Bill Totten's Weblog

Wednesday, March 08, 2006

Asia warned on diabetes threat

by Mangai Balasegaram

BBC Online (February 22 2006)

Le Thu Quy could hardly be described as obese, even by standards in her native Vietnam.

At just 44 kilograms and 1.47 meters tall, she looks an unlikely candidate for Type 2 diabetes, a disease associated with obesity and old age in developed countries.

Yet this petite, 48-year-old nurse is part of a growing and alarming trend in Asia, where diabetes is stretching across a wider range of age, weight and class than ever before.

The disease is even striking children. The youngest victim found in Vietnam is just eleven years old. Japan has a nine-year-old diabetic. And in Singapore, an epidemic of Type 2 diabetes in children sparked a government campaign, "Trim and Fit".

"Children are getting a disease that once only affected their grandparents or parents", said Dr Anil Kapur, Vice-Chairman of the World Diabetes Foundation, at an international diabetes summit in Hanoi, Vietnam.

The diabetes epidemic is exploding faster in Asia than in any other region in the world - and beyond previous predictions by experts.

The World Health Organization (WHO) says diabetes cases in Asia will rise by ninety percent in the next twenty years. The disease - and its related disorders - is set to become the 21st century's biggest health crisis.

"You're talking about 330 million people affected in the next twenty years. There is nothing like that with Aids or bird flu", said Paul Zimmet, Director of the International Diabetes Institute, in Victoria, Australia.

"Yes, you could have a bird flu pandemic. But with diabetes, you walk down the streets in Harlem [New York City] or Nauru now and you see people with motorized wheelchairs because of amputations, or people who have gone blind or going for dialysis."

Asia already has the bulk of cases. It is home to four of the world's five largest diabetic populations - India, with 33 million cases, and China, Pakistan and Japan with 23, 9 and 7 million cases respectively

The Pacific island of Nauru has the world's highest diabetes prevalence.

Even in some poorer Asian nations, diabetes rates are twice that of many European countries. For example, the prevalence in urban Cambodia, at seven percent, is roughly equal to that in far-wealthier Australia.

Lifestyle changes

Genes are partly to blame. But changing eating patterns and physical activity are clearly driving the epidemic in Asia.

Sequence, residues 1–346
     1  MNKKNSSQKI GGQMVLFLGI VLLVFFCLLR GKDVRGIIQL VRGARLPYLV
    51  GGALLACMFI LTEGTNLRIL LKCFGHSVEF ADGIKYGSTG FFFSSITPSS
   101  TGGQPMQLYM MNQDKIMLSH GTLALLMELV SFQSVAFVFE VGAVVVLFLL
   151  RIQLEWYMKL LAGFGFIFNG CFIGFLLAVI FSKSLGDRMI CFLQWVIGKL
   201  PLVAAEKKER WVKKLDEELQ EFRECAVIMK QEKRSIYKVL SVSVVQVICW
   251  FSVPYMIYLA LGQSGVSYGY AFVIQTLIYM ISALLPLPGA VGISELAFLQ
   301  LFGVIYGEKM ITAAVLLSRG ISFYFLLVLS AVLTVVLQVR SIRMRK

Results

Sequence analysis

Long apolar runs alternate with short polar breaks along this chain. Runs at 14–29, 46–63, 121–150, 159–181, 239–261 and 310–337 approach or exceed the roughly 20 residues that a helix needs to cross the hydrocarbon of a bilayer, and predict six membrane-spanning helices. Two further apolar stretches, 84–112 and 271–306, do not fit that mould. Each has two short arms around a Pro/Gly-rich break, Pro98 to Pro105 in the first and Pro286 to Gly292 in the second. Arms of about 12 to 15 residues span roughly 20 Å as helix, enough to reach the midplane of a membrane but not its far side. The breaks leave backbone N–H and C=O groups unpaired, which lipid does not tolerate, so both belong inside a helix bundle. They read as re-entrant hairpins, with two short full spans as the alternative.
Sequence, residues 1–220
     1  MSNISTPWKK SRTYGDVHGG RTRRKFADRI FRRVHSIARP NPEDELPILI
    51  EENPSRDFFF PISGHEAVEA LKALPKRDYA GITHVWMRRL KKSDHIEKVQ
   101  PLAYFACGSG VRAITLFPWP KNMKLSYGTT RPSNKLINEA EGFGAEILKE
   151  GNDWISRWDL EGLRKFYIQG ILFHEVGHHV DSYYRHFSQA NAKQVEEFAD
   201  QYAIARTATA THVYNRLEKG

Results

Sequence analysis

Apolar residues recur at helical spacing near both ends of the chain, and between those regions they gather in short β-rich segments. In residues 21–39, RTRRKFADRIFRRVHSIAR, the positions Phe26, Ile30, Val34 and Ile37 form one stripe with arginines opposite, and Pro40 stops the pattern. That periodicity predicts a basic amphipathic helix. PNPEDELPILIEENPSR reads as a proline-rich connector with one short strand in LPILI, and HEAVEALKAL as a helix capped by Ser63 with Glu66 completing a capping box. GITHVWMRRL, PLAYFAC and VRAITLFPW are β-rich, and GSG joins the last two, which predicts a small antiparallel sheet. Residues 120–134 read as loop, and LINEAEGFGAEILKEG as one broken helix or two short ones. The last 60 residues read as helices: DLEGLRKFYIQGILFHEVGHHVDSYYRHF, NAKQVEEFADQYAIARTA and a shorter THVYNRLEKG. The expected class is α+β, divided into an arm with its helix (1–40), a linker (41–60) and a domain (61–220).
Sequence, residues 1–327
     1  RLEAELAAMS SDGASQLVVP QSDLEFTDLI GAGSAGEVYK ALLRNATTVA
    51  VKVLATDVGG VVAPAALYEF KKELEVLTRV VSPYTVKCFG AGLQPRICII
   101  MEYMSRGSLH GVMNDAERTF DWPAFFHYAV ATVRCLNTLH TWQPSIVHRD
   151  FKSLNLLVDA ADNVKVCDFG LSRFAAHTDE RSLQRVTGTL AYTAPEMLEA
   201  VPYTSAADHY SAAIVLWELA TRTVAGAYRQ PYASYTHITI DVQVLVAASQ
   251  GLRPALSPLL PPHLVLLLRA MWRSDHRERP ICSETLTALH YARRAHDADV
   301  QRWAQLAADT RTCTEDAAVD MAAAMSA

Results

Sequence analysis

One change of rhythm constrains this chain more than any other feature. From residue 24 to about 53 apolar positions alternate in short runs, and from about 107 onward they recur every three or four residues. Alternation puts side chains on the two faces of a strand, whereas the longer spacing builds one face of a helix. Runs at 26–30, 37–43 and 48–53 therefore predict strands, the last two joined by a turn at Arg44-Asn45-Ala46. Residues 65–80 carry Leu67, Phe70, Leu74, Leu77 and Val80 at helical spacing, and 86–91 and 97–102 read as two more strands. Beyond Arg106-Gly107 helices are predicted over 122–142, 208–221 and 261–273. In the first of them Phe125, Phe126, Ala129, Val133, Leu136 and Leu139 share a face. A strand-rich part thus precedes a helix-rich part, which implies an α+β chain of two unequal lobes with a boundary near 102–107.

"In the past decade in Hanoi, where people have switched from bicycles to motorbikes, diabetes has doubled", said Dr Gauden Galea, Regional Advisor for Non-Communicable Diseases for WHO's Western Pacific Region.

"That rate of increase in HIV/Aids would cause panic in health circles".

Diet is also changing rapidly, with more people eating out and eating junk food. Some traditional foods prepared outside the home are also becoming less healthy.

Dr Galea cited studies from Ho Chi Minh City showing how chicken noodle soup (pho ga), a Vietnamese favourite, had 23% more calories when prepared in restaurants.

In New Delhi, where one in six children are overweight, adolescents eat out at an average of at least three times a week, Dr Kapur said.

In big Chinese cities, studies show about twenty percent of children aged seven and over are overweight.

A genetic cause seems to play a part in some Asians and Pacific Islanders. Studies show Indians carry certain genes that increase susceptibility to diabetes and lack genes that provide protection, said Dr V Mohan, director of the Madras Diabetes Research Foundation.

Other studies show poor nutrition in pregnant women can lead to diabetes in both the child and mother many years later.

As a chronic disease, diabetes debilitates the body slowly and in a variety of ways.

"It affects every single organ system", said Dr Kapur.

The World Diabetes Foundation, which supports local diabetes prevention projects in the region, is working to prevent two disastrous consequences of the disease for the poor - losing a limb or going blind.

There is still poor awareness, even among health workers, about a disease that was relatively rare ten years ago, Dr Galea said.

Most of Asia is still hopelessly unprepared for this health crisis, which will inundate hospitals and strain healthcare budgets, doctors said.

"Hospitals in India are already feeling the pinch", said Dr Mohan.

Asian governments need to take action now, he said.

"Otherwise, in ten to fifteen years time, we will see millions of people needing bypasses, kidney dialysis and laser treatment", he said.

Bill Totten


Post a Comment

<< Home